Here at modafinil.co.uk we focus on Modafinil in the Anglophone world, which is host to a diverse array of opinions. Due to the fact that more users and more news outlets have touched on modafinil, all possible angles have been covered, from negative aspects to the positive ones. This abundance of information allows us to formulate balanced opinions about modafinil.
In other parts of the world where the smart-drug nootropic craze has only recently arrived and in much smaller numbers, army-like resistance is being put up. Particularly in Chile where drug laws are strict compared to other South American countries, the pushback is powerful.
Schools south of the Equator tend to begin their year in March after the southern hemisphere’s winter. Just in time for school, the journal Economy and Business of Chile released a warning for school staff and students to watch out for students taking drugs to get adjusted to the rigorous school methods. It’s worth mentioning that Chilean students often study from 8 AM to 4 PM in many schools and the classes are designed to be demanding with large amounts of homework.
The sentiments were echoed a day later by Chilean news outlet Bio Bio. Bio Bio is one of Chile’s largest news networks also holds the country’s widest radio coverage. The article, however, is possibly some of the worst scare tactic writing I’ve ever witnessed. The title of their article is “The dangers of consuming this marvelous pill that makes students perform.” Bio Bio openly admits that the pill makes students perform, but then goes on to list every possible negative side effect that could ever happen, ignoring their minuscule probability.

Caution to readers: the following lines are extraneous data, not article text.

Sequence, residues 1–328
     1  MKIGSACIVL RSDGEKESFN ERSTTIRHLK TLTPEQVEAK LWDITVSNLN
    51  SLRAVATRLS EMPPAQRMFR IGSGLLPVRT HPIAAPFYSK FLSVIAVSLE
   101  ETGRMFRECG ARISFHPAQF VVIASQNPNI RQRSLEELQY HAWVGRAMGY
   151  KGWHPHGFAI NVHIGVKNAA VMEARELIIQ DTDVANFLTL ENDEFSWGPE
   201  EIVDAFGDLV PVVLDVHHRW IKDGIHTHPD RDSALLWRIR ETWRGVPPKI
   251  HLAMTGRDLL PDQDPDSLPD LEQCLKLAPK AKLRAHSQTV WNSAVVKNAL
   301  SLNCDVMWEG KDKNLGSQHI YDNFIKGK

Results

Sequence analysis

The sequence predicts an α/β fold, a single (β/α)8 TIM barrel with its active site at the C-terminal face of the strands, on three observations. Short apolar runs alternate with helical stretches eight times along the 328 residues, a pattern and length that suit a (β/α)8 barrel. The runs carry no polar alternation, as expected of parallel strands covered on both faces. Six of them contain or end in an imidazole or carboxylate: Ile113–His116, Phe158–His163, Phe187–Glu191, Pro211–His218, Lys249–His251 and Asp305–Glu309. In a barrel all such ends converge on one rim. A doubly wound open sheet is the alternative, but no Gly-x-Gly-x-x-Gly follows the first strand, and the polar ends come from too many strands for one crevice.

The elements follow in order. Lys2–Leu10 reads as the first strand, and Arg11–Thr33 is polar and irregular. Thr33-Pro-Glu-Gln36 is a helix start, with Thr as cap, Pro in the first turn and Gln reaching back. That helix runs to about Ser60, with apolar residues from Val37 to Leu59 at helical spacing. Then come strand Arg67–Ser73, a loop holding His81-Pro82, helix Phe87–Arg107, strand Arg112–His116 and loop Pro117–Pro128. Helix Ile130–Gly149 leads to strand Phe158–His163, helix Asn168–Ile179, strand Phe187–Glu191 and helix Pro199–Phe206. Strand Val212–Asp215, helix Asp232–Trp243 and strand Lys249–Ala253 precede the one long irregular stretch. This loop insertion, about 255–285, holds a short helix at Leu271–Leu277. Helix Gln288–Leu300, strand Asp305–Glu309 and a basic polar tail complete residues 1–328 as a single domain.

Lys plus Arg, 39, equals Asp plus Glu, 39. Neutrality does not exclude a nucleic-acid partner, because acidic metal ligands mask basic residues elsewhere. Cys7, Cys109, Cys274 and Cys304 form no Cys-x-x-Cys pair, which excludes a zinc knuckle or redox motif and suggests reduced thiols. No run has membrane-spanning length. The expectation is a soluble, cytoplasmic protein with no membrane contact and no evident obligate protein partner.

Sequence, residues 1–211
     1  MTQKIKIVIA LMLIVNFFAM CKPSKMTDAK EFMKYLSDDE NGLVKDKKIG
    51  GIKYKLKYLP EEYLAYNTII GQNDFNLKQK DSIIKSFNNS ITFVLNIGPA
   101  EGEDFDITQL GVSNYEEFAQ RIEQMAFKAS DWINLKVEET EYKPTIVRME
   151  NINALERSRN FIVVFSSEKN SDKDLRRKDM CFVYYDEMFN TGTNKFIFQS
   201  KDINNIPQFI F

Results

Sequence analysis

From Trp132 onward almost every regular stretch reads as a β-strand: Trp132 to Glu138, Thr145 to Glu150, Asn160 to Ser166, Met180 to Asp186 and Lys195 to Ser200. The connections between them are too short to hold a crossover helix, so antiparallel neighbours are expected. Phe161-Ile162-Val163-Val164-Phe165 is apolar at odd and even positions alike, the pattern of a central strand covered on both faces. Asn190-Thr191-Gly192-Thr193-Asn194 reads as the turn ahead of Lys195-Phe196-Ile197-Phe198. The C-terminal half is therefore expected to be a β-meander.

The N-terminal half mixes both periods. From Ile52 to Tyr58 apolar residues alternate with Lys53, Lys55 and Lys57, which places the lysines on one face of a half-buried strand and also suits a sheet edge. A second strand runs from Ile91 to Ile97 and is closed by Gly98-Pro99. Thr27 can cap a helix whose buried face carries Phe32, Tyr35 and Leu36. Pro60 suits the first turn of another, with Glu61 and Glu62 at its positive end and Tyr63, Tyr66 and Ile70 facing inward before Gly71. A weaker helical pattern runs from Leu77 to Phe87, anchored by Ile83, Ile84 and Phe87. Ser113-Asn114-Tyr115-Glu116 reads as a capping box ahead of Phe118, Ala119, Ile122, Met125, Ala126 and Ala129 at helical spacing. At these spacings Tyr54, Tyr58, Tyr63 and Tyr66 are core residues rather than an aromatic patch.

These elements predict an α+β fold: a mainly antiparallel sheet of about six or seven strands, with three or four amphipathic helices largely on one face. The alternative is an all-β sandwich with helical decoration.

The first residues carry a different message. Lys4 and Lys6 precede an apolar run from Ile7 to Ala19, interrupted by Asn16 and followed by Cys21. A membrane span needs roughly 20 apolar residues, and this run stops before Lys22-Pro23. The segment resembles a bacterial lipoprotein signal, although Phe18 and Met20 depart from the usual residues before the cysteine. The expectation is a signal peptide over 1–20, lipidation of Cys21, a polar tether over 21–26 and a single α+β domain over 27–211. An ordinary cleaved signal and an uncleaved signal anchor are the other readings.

What’s worse, the article even mentions side effects that aren’t real. The article says that “As modafinil produces blurred vision sometimes, you shouldn’t drive if you take it.” This is an outright false claim which has never been demonstrated in any of the dozens of clinical trials, nor is it one of the FDA warnings.
Another Spanish language article from the BBC is called “My nightmare with pills called smart pills.” What was the nightmare? A little bit of dehydration headaches that came after the user admitted to not drinking enough. Where was the horror story here? His first day was a complete success. The second day he discovered that modafinil can make you focus on the wrong things, and instead of working around it, gave up after his third day resulted in headaches. Both of his problems were completely avoidable, but instead of doing things right, he blames the pill.
This type of shoddy journalism is harmful to the truth, and I for one take offense to it. Talking about side effects is fine, and this blog has never once shied away from discussing the subject. But good reporting cites studies, gives the probability of the side effects, and doesn’t invent lies out of thin air or attach a horrific title to a benign story.
So why are the articles found in Spanish so one-sidedly negative? A big part of it is culture. Latin American countries tend to have much more conservative views about drugs and medicine in general. Pill culture is less dominant as it is in the US or the UK, where taking a pill is perfectly normal. Natural medicine is often recommended. For instance, in Peru students are frequently given a cup of tea to deal with a headache instead of a simple painkiller like Tylenol. Where Anglophone nations applaud their medical innovations, people in Latin America lean more towards home remedies and things their mother would suggest.